The rifle derives its name from its barrel. 5-R Milspec refers to the rifling used. 5R-rifling features a radius'd shoulder between the lands and the grooves. Advantages are claimed to be a smoother engraving transition on the bullet jacket which, in theory at least, creates less drag in flight - which means possibly a slightly flatter shooting bullet compared to a bore of standard rifling profile. The second benefit is cleaning. Without the 90-degree angles between lands and grooves, fouling seems less likely to adhere as tenaciously to the bore. Copper fouling may also be reduced. This rifling profile is used in the Army's M24 Sniper rifle. It has a proven track record for accuracy at long range, often making M.O.A. or better shots possible to 1000 yards. The M700SS 5R Milspec has a 24" stainless steel barrel very close in profile to the original 700P Police rifle, before Remington went to the longer 26" tubes on their police line. I've never quite understood the need for a 26" barrel on a .308 rifle meant for tactical law enforcement use, but I've never complained about the slight increase in velocity since 1000 yard shooting was part and parcel of my life for a time. However, when it came to field use, portability and storage, I've always preferred the shorter 24" barrel of the older pre-1990s 700P or current M24. Were I in law enforcement where shots are generally limited, I'd definitely prefer the 24" barrel as urban environments are as likely, or more so, than rural.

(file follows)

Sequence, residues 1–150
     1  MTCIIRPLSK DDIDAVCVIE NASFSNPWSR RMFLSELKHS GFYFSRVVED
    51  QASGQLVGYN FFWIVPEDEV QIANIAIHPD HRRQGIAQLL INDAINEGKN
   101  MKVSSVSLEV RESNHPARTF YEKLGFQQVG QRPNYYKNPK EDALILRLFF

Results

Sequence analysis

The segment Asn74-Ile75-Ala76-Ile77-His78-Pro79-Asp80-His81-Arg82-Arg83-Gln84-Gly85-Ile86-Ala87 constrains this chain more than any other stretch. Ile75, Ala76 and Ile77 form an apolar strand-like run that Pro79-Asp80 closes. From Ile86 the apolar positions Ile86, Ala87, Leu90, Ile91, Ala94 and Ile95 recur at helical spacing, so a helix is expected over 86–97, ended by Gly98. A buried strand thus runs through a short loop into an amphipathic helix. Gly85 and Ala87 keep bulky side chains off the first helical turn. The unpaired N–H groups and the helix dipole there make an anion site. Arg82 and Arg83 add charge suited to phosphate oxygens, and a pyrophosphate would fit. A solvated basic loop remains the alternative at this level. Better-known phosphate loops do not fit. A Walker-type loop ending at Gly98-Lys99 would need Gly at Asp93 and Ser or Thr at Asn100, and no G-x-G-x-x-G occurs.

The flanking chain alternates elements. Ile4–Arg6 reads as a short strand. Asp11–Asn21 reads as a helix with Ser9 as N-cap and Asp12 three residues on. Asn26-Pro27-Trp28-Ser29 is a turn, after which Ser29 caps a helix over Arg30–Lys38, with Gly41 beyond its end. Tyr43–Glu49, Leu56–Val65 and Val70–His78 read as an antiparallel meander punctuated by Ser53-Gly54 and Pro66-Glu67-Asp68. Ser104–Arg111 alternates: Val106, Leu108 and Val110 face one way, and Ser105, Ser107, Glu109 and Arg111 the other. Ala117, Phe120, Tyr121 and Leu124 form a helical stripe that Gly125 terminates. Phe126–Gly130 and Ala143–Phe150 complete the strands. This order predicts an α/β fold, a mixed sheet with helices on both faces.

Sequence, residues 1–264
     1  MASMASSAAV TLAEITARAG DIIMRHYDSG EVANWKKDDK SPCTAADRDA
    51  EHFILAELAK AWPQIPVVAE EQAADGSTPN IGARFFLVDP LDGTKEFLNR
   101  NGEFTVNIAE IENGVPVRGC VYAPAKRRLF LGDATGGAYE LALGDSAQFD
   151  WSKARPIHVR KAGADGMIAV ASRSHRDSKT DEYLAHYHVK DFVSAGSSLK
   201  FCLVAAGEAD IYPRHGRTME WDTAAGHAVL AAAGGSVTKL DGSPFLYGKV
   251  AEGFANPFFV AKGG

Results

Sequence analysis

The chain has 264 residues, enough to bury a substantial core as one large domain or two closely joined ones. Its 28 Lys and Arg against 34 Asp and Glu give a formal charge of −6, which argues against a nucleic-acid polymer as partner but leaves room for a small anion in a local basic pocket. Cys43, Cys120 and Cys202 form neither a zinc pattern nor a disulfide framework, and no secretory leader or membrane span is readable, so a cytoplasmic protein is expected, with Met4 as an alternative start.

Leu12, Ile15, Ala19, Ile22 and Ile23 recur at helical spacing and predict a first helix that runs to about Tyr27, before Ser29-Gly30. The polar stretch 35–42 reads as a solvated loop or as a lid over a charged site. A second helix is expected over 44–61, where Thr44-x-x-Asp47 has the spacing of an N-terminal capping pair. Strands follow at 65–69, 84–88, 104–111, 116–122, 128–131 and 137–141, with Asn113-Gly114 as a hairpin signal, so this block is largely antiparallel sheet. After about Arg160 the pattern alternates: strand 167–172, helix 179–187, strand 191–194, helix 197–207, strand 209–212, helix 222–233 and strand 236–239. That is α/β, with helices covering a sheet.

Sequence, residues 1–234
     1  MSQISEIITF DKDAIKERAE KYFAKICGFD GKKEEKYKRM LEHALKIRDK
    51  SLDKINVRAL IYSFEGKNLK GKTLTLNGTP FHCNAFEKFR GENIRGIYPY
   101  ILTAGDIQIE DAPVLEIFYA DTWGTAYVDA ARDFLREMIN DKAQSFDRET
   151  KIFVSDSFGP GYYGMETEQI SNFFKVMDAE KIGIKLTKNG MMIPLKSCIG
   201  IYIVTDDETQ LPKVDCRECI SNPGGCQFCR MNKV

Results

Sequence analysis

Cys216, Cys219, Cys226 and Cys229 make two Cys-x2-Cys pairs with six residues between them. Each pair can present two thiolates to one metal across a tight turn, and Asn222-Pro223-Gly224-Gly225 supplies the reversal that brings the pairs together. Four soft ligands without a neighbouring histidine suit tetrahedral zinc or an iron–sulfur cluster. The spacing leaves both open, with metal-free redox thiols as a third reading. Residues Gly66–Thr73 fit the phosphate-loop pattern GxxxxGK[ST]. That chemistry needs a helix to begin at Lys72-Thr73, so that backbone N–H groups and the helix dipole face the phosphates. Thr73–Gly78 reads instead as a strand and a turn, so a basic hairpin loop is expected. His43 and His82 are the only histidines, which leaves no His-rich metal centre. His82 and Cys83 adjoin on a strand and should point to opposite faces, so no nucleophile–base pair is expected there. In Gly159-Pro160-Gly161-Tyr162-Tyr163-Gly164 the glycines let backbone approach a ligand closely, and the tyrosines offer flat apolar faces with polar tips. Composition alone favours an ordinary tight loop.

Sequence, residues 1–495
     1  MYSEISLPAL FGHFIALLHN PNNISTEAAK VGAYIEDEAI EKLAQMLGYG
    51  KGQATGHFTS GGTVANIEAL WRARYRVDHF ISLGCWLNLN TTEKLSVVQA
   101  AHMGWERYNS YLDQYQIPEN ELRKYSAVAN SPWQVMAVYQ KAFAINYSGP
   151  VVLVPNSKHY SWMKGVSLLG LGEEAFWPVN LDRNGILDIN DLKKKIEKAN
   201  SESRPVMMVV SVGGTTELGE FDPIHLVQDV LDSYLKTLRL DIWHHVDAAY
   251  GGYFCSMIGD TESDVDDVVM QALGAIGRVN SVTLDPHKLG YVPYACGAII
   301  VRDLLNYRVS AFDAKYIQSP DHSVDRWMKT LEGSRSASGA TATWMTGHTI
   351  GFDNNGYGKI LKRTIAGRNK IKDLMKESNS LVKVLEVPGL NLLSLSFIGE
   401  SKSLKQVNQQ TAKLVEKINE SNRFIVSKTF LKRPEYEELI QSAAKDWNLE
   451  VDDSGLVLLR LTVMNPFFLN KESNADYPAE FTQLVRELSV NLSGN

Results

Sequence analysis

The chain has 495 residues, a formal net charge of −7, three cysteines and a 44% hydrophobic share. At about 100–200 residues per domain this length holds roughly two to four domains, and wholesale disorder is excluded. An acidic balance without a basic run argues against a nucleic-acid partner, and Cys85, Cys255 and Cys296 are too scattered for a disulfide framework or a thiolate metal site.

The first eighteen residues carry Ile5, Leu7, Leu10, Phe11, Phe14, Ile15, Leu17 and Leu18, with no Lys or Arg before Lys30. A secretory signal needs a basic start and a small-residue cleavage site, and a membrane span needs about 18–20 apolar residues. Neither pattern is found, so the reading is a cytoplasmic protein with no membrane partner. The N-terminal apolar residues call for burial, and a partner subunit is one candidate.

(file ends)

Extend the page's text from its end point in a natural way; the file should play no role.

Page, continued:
Some have assumed the barrel on the 700SS is the same as the M24 barrel. While identical in rifling method, the outer contour is decidedly more portable. It's similar to what you see on the Sendaro or Varmint line, meaning it's not so burdensome over long hauls in the wild. Yet the accuracy this rifle has demonstrated proves that it can shoot right alongside its military brother and leave nothing behind in pure accuracy potential. I had heard reports ranging from .25" @ 100 yards to .7" at the same distance. Knowing how people like to pad numbers, I figured it was a solid half-inch rifle. But testing was proving problematic. I could not keep one in stock long enough to get it to the range! Finally a friend bought one (mine still doesn't have a scope) and we hit the range for our first tests.
Before going any further let me give you some particulars. One of the biggest complaints I have about factory rifles is the trigger and the throat length. Be it liability issues or some evil cabal bent on frustrating long range shooters everywhere, triggers usually come in at 8 pounds and throats are often